The Census of Agriculture reveals that lamas are disappearing. What happened?

Breaking News Emails

Receive last minute alerts and special reports. News and stories that matter, delivered the mornings of the week.

By Phil McCausland

The llama population in the United States seems to be disappearing, as an agricultural census released last week revealed that the number of livestock in the country had dropped significantly.

In the United States, there were nearly 145,000 llamas in 2002. In 2017, there were less than 40,000 llamas, according to the 2017 Census of Agriculture, published every five years by the Department of Agriculture the United States.

The decline probably came from the fact that the llama market – an industry that included celebrities and top athletes – has collapsed calmly, farmers, auctioneers and Lama experts told NBC. News.

"Previously, you attended major sales and exhibitions, and people came in these Class A motorhomes. These owners owned manufacturing plants, their own jet aircraft, etc.," said Mark Smith, who cultivates lama in Indiana for 25 years. "They ran the market when llamas were a good investment."

But these beasts from South America seemed to have value only because people thought they were precious. Their functional use includes providing fiber or working as a pack animal. Lamas also sometimes keep flocks of sheep. None of these are particularly lucrative uses, however.

"Once the industry has gone beyond the aspects of novelty and selection, the question has become: what are you doing with them?" Said Robert Van Saun, professor of veterinary science at Penn State University, specialist llamas and alpacas.

Where did all the lamas go?

Lama prices soared from the 1980s to the 2000s.

Darrell Anderson, an auctioneer participating in one of the first llama sales held in the United States in 1986 in Salem, Oregon, helped sell a lama at a price record of $ 220,000. Prices, he said, have become unsustainable.

A llama enjoys Nanci Sutton at Apple Valley, California on March 5, 2007.Irfan Khan / LA Times via Getty Images File

The llama's financial bubble burst slightly after the housing market collapsed in 2007, as people did not have more sustainable incomes to feed this speculative industry. Without an economy around livestock and without a huge market for their meat or fiber, llamas become essentially the equivalent of Bitcoin or Beanie Babies.

"It has to be an investment market and we have lost a lot of ordinary people," Anderson said. "It was good for sellers at the time, but it became more restrictive."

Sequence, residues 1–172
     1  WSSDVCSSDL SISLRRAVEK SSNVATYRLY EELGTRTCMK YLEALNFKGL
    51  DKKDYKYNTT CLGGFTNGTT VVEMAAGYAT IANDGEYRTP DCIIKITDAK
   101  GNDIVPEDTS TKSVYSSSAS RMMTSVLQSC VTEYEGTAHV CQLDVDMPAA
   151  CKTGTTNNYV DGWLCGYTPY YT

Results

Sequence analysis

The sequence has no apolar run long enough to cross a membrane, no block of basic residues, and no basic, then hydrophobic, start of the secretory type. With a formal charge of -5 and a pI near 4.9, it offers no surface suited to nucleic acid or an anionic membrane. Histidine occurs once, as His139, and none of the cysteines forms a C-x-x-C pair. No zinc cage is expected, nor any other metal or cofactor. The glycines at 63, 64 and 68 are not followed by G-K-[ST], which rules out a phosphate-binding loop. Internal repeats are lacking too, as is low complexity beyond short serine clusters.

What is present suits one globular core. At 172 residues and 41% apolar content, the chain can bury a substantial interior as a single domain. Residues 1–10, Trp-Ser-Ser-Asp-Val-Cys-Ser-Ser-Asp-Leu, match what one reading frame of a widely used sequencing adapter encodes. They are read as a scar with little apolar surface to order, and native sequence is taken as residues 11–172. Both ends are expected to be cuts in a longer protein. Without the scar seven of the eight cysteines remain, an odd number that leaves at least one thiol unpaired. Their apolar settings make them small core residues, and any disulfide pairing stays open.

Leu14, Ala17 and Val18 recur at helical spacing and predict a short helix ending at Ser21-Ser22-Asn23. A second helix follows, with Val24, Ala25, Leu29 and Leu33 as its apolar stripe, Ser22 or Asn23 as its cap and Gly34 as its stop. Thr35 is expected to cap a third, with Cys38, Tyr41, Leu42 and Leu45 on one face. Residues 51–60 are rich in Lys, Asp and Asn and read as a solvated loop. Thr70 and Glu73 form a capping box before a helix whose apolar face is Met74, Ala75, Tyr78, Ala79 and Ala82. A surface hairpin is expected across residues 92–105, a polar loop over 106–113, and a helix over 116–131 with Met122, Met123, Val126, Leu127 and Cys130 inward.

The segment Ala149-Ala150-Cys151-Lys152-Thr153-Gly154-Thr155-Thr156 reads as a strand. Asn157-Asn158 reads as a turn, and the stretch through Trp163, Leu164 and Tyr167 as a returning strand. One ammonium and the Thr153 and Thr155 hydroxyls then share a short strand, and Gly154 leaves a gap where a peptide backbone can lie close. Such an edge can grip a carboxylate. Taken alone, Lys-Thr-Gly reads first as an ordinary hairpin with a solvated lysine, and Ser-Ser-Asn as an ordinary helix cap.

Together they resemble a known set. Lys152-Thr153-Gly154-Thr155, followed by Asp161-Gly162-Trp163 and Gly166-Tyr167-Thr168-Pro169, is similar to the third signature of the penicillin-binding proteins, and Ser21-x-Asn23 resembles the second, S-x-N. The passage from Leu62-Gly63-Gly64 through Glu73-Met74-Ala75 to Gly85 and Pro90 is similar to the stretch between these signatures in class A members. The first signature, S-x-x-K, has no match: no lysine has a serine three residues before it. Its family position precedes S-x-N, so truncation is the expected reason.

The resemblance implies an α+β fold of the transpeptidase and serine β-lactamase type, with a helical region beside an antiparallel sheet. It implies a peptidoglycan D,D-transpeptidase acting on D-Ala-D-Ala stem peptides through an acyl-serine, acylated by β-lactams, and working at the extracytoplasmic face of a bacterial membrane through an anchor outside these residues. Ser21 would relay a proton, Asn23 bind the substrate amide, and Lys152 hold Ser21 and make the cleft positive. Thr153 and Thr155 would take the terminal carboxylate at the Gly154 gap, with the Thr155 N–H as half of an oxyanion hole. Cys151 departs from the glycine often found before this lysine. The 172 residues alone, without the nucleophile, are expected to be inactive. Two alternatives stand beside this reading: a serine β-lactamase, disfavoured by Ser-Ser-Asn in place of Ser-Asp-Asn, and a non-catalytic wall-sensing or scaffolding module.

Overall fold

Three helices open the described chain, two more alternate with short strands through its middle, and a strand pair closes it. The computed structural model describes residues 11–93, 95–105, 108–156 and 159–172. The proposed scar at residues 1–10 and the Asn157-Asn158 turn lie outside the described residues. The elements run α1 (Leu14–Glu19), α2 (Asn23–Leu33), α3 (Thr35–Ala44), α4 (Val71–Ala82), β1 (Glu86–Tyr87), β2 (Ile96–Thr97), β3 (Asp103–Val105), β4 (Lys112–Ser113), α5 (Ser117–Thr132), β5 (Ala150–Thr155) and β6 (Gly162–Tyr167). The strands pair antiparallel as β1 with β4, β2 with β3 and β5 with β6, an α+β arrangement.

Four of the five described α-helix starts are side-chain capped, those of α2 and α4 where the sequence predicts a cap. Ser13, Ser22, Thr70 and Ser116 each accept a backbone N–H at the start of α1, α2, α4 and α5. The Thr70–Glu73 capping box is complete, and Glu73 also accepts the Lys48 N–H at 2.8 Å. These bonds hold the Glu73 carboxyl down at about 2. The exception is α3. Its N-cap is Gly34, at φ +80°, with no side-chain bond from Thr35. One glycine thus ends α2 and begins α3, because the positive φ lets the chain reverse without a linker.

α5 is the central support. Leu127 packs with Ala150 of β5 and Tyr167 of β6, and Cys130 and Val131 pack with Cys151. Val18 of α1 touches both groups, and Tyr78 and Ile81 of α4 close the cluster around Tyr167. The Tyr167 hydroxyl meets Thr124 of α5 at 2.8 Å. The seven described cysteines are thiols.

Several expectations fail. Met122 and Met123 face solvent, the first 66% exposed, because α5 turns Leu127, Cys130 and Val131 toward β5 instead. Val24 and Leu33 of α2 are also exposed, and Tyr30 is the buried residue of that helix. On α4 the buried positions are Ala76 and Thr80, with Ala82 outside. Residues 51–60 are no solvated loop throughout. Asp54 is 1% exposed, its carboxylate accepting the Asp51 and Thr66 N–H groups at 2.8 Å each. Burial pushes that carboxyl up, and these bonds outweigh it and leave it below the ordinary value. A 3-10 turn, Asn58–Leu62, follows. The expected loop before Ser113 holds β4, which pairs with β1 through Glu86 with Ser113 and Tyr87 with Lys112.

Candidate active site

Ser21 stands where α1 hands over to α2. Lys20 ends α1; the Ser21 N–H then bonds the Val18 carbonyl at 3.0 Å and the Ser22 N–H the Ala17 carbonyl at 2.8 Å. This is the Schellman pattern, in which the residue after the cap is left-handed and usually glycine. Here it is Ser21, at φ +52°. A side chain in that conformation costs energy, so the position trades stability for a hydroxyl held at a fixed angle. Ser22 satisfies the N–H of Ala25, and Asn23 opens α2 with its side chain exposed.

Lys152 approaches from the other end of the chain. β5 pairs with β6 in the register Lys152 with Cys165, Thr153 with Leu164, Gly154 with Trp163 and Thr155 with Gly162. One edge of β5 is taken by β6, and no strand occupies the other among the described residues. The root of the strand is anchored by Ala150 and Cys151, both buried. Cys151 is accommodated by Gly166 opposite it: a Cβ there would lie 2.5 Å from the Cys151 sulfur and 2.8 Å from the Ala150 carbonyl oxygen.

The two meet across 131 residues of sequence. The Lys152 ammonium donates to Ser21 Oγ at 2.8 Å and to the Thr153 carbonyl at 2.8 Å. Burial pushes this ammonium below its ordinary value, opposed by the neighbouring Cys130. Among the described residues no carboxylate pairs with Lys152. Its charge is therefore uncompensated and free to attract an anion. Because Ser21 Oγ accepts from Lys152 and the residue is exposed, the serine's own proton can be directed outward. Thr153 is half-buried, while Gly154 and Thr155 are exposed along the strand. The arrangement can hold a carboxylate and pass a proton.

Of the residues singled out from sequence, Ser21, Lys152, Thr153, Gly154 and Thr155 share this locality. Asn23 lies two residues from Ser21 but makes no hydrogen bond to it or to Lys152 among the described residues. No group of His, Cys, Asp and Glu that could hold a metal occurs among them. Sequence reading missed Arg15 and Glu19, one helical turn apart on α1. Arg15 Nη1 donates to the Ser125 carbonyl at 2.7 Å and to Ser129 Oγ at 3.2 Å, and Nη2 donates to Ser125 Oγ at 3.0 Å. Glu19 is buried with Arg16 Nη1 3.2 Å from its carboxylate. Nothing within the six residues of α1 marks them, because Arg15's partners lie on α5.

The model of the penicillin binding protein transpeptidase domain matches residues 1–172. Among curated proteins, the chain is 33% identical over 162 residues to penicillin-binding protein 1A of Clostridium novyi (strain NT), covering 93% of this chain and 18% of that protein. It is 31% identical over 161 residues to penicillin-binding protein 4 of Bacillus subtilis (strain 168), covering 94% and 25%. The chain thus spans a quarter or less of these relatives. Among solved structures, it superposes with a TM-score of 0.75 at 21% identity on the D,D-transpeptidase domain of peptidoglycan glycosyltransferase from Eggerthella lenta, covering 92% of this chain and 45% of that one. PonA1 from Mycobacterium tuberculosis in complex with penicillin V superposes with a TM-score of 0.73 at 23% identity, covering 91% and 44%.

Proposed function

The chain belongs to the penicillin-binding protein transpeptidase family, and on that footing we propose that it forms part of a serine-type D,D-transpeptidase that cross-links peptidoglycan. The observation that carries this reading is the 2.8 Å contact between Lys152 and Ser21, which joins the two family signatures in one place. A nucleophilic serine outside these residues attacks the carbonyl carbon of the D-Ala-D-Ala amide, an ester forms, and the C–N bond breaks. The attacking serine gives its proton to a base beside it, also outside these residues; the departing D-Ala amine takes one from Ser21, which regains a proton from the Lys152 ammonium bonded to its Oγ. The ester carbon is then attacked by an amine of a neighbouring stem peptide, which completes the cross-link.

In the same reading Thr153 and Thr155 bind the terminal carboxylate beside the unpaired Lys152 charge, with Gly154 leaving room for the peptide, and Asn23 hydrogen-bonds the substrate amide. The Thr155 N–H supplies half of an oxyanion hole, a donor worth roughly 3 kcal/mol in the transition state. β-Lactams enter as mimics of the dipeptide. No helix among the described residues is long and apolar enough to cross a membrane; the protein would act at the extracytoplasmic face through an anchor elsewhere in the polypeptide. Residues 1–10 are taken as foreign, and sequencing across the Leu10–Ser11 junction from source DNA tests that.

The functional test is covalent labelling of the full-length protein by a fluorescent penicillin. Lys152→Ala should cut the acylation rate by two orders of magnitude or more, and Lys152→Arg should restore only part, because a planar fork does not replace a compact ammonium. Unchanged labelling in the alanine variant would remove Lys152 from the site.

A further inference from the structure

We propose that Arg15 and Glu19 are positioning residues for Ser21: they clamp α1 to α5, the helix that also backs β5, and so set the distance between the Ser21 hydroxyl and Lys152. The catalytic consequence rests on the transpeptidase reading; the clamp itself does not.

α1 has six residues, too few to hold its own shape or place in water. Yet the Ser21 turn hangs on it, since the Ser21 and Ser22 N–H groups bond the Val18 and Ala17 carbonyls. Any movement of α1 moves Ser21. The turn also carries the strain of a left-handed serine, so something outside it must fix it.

This has led the farms to consolidate and many have completely left the game of the llama.

"In 2008 or 2009, we certainly saw a slowdown," said Susan Hannah, operations manager for the International Lama Registry. "When we started here, we were 13. Now I'm working full time and I have another girl working part time – so that's not what she was. "

When the dollars dried up, the llama herds went astray.

Justin Timm's family discovered llamas in the 1980s and bought his first pet at age 13 in the 1990s. He saw the industry fluctuate for years, as a farmer and commissioner. auctioneer on the west coast.

"It started at a time when virtually all females were raised every year at about 20% of animals every two years," said Timm, who conducts online lamas auctions. He explained that the animals probably started to disappear naturally, as the older animals died when the animals stopped breeding.

Lama Wrangler Alan Householder leads a team of llamas under the Grotto Falls on the Trillium Gap Trail while bringing supplies to LeConte Lodge in the Great Smoky Mountains National Park on November 2, 2011.Adam Brimer / Knoxville News Sentinel via an AP file

But maybe there was also an environmental reason.

Van Saun noted that flocks of llamas were at increased risk of parasites as winters warmed due to climate change – a problem that also resulted in heavy losses for goat and sheep producers.

"We had an absolutely horrible weather for the amount of rain we received and the weather covered by the warmer weather. It was actually a parasitic paradise, "Van Saun said. "It will certainly only continue with global warming."

The return of the lama?

Despite the difficult times, many seem to believe that the industry is starting to recover and that prices are rising for llamas, especially among ranchers.

Smith, the lama farmer from Indiana, recently sold a premium lama at $ 20,000, which is one of the highest prices ever obtained for an animal in recent years.

"The market is coming back," Smith said. The quality of llamas that breeders in the United States have is as good as it has ever been, but that's not what it was in the '80s or' 90s. "

Llamas in an enclosure in Burlington, North Carolina, March 19, 2018.Peter Schumacher / Times-News via an AP file

The auctioneers and farmers of Lama said that although the USDA census in 2017 recorded a low population of llamas, it has only been beneficial for llama farms to recover on foot.

Farmers and ranchers said the low population of llamas has helped prices grow steadily in recent years, but the sector remains relatively affordable and almost everyone can participate.

"Some of the richest CEOs in the country will participate alongside a blue-collar employee at the minimum wage," he added, "and they are equal in the llamas community."

Jiachuan Wu and Joe Murphy contributed.

Source link